Spouses living apart all year. If you are married at any time during the calendar year, special rules apply for reporting certain community income. You must meet all the following conditions. 1) You and your spouse lived apart all year. 2) You and your spouse did not file a joint return for a tax year beginning or ending in the calendar year. 3) You and/or your spouse had earned income for the calendar year that is community income. 4) You and your spouse did not transfer, directly or indirectly, any of the earned income in (3) between yourselves before the end of the year. Do not take into account transfers of very small amounts or value. Also, do not take into account a payment or transfer to or for your dependent child, even though the payment or transfer satisfies an obligation of support imposed on your spouse. If all these conditions are met, you and your spouse must report your community income as discussed next. See also Certain community income, earlier. Earned income. Treat earned income that is not trade or business or partnership income as the income of the spouse who performed the services. Earned income means wages, salaries, professional fees, and other pay for personal services. Earned income does not include any social security or social security equivalent of tier 1 railroad retirement benefits you receive during the year. Trade or business income. Treat income and related deductions from a trade or business that is not a partnership as those of the person carrying on the trade or business. Partnership income or loss. Treat income or loss from a trade or business carried on by a partnership as the income or loss of the spouse who is the partner. Separate property income. Treat investment income from the separate property of one spouse as the income of that spouse. Social security benefits. Treat social security benefits received during the year, including the social security equivalent portion of tier 1 railroad retirement benefits, as the separate income of the spouse who received them. Other income. Treat all other community income, such as dividends, interest, rents, royalties, or gains, according to the community property laws of your state or country.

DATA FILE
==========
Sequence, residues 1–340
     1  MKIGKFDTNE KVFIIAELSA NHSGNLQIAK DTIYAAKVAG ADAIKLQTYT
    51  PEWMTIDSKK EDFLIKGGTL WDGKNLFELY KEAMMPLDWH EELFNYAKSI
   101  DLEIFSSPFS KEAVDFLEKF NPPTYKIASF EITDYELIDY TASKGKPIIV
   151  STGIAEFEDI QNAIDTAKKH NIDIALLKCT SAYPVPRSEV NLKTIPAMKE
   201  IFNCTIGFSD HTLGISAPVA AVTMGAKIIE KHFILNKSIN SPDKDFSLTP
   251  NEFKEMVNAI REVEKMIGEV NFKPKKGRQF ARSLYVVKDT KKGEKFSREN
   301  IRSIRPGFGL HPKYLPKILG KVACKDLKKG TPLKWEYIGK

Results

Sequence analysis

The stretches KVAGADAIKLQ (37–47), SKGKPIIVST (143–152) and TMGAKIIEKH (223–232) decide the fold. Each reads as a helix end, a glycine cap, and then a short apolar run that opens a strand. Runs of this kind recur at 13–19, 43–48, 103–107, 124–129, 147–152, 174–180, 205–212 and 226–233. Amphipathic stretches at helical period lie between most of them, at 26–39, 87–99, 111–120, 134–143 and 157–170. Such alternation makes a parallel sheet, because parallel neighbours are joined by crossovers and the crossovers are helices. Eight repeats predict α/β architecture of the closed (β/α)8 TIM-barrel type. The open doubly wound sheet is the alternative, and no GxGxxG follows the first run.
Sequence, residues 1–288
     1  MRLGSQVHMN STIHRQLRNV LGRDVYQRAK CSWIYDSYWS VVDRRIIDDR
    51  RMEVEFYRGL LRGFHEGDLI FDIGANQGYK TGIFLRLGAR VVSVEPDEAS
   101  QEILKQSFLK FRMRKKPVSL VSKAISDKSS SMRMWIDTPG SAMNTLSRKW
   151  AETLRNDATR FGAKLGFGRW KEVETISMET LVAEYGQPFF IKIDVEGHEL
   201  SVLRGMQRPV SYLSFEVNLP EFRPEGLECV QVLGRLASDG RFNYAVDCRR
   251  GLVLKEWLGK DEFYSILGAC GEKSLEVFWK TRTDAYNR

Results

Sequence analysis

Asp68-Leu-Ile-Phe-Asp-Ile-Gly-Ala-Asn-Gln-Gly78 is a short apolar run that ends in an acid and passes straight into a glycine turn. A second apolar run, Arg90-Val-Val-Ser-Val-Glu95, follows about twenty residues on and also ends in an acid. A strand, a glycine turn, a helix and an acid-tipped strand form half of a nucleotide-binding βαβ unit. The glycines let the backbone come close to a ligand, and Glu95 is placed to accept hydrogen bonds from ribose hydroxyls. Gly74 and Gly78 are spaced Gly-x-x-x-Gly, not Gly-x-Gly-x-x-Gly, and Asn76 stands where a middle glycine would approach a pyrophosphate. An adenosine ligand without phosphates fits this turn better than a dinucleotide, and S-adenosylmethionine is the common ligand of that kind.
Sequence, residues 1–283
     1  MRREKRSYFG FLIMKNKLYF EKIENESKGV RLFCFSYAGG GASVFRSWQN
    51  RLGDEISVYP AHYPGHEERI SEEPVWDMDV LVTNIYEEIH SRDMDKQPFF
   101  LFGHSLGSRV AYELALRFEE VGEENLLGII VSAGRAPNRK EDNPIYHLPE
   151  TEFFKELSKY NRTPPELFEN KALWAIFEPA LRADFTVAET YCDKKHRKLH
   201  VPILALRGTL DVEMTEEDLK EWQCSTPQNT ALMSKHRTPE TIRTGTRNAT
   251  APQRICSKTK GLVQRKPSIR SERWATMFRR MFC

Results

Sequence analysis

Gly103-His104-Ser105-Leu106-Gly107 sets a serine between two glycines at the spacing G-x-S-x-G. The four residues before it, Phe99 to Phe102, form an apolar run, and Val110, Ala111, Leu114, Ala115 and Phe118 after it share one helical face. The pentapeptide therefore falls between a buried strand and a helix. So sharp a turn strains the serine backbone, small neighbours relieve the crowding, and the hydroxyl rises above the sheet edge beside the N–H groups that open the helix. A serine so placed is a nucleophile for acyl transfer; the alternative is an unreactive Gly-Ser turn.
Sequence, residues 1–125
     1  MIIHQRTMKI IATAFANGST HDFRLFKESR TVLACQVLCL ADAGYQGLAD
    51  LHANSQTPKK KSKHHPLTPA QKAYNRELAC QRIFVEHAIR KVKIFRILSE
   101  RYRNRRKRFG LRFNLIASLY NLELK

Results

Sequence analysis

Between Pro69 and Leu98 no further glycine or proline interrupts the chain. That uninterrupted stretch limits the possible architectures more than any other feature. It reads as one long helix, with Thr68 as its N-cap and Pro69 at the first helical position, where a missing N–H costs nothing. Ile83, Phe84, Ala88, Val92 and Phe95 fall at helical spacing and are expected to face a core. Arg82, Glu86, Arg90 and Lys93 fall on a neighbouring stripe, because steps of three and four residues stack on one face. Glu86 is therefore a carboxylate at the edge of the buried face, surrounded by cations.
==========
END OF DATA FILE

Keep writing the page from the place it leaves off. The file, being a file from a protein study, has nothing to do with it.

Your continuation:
Under Texas community property laws, all of Daniel and Sharon's income is considered community income. Sharon did not take part in Daniel's consulting business. Ordinarily, Daniel and Sharon would each report half the total community income, $30,500 ($26,500 + $34,500 ÷ 2), on their separate returns. But because they meet the four conditions discussed earlier, they must disregard community property law when reporting their income, except the interest from community property. They should report on their separate returns only their own earnings and other income and their share of the interest from community property. Daniel reports $26,500 and Sharon reports $34,500.

quired will be separate property. Such an agreement may end the community. In some states, the marital community ends when the husband and wife permanently separate, even if there is no formal agreement. Check your state law.

Federal Income Tax Return Preparation
The following discussion does not apply to spouses who meet the conditions under Spouses living apart all year, discussed earlier. Those spouses must report their community income as explained in that discussion.

End of the Marital Community